Datsun 280Z: Birth of the Licensed Video Game Car

Beginning of an Era: The Primitive Roots of Gaming

Visualize peeling back the concept of a car driving video game to its most basic form. Instead of the typical road with your vehicle projected on it, in 1977’s 280 ZZZAP, a black background is adorned with vertical white lines that make up the track, while your car simply appears as a sticker on the screen. This was the first and only video game to feature an automotive licence.

Prior to delving into 280 ZZZAP, it’s fundamental to be aware of the video gaming realm in the seventies. This sort of amusement had not been available for buyers prior to this decade. The Magnavox Odyssey residence console came out in 1972 and Pong made its way into arcades too that same year. Instantly afterwards, advances in this sphere became more marked.

In 1976, a surge in popularity of the first-person driving video game transpired. During that year’s Amusement & Music Operators Association Exhibition, two exceptionally alike experiences were available. Atari introduced Night Driver, while Midway presented Nite Racer. It is widely assumed that both these games were extensively influenced by the German release known as Nürburgring 1 which was released earlier that same year.

Play Meter magazine discussed the Atari and Midway games of the time, noting that “the most intriguing aspect of video night racing games is that they provide a sense of depth, thus introducing a third dimension to video games.”

Somewhere in the timeline between presenting the game at a conference in November 1976 and its unveiling the following year, Midway’s parent-company, Bally, was able to broker a licensing agreement with Datsun (now Nissan) for the usage of the 280Z in the game. As a result, the title shifted from Nite Racer to the even more exhilarating 280 ZZZAP.

We attempted to contact Nissan to inquire about the deal between Bally and Datsun. Unfortunately, they were unable to give us any insight.

Datsun 280-ZZZap by Midway Games (A Bally Product)

280 ZZZAP is as straightforward as a driving title can get. Atop the arcade cabinet sits a steering wheel, a high-low gearshift, and a single pedal for controlling acceleration – apparently in the game’s world, this car doesn’t need brakes! Lower down on the screen there’s a decal of the iconic 280Z nose, with a painted sky scene taking up the top portion. Players drive through vertical poles which denote the road ahead – the further one goes, the more points they will accumulate. Text notifications that appear on-screen advise the recommended speed when navigating corners; hit the walls and you’ll be greeted with BOOM, BANG, or ZAP!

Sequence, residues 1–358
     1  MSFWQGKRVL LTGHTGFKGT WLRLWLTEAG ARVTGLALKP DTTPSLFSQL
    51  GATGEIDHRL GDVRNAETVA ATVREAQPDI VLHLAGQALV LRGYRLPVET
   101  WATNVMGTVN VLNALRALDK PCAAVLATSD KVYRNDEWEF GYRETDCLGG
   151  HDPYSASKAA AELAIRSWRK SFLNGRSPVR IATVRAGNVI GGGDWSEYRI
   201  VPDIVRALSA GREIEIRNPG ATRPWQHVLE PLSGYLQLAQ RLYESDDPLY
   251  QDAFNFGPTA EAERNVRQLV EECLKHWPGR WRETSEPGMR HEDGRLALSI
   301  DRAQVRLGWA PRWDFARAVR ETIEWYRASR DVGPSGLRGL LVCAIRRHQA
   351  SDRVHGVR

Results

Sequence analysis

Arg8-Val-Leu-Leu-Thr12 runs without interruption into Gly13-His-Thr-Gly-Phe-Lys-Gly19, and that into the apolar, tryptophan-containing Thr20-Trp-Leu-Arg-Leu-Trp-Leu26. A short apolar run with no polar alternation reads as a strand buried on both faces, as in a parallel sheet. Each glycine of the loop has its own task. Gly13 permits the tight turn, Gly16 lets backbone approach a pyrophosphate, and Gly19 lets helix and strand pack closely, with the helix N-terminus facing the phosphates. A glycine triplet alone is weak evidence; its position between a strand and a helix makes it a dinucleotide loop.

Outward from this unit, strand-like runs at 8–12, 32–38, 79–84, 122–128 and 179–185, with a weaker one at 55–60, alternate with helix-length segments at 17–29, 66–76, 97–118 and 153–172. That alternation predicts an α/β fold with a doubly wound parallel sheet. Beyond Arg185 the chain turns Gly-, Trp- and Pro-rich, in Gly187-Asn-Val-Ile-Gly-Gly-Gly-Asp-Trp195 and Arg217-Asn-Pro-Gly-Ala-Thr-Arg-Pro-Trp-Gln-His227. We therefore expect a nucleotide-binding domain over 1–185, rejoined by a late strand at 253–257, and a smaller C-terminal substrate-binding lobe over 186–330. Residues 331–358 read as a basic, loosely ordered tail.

Whilst 280 ZZZAP encouraged the automobile in arcades, the 1977 ZZAP Edition street car conspicuously promoted the game on the roads. Restricted to a mere 1,000 cars, it had a Sun Burst Yellow body with vibrant orange, red and black line artwork embellishing the side sills and bonnet. Black accents were also featured on the top and tail end. At the back, window louvering was installed on the hatch. The powertrain endured from the usual coupe with a 2.8-liter straight-six generating 170 horsepower.

Midway organized a competition wherein it was possible to secure a 280Z, coupled with rewards including a colorful RCA television. A blog devoted to vintage arcades asserted that somebody from Rhode Island lucked out and won the automobile.

The highly acclaimed 280 ZZZAP wasn’t only a traditional arcade game. In 1978, an edition came out for the Bally Astrocade home console. Contrary to its original, this version was adorned with more than just black and white — it featured a red motor vehicle boasting a lovely purple bonnet and a ravishing magenta colour sky.

Had it not been for Datsun, some other vehicle manufacturer would’ve likely taken the initiative in sponsoring a video game. Nonetheless, it was needed that one business enterprise took the lead and stepped forward. If it had not been Datsun’s pioneering action, we wouldn’t be able to drive Nissan, Toyota, and Ferrari vehicles in games like Forza Motorsport or Gran Turismo.

If you’re lucky enough to stumble across a 280 ZZZAP arcade machine, why not take a turn behind the steering wheel for a quarter! Sure, playing the game electronically (as in the video below) brings its own enjoyment but it’s obviously missing the visual components like the car artwork, dynamic sky, or pseudo wood-panelled instrument trim.

Arcade Longplay - 280-ZZZAP (1976)

Source: DanLovesPinballsnGames via YouTube

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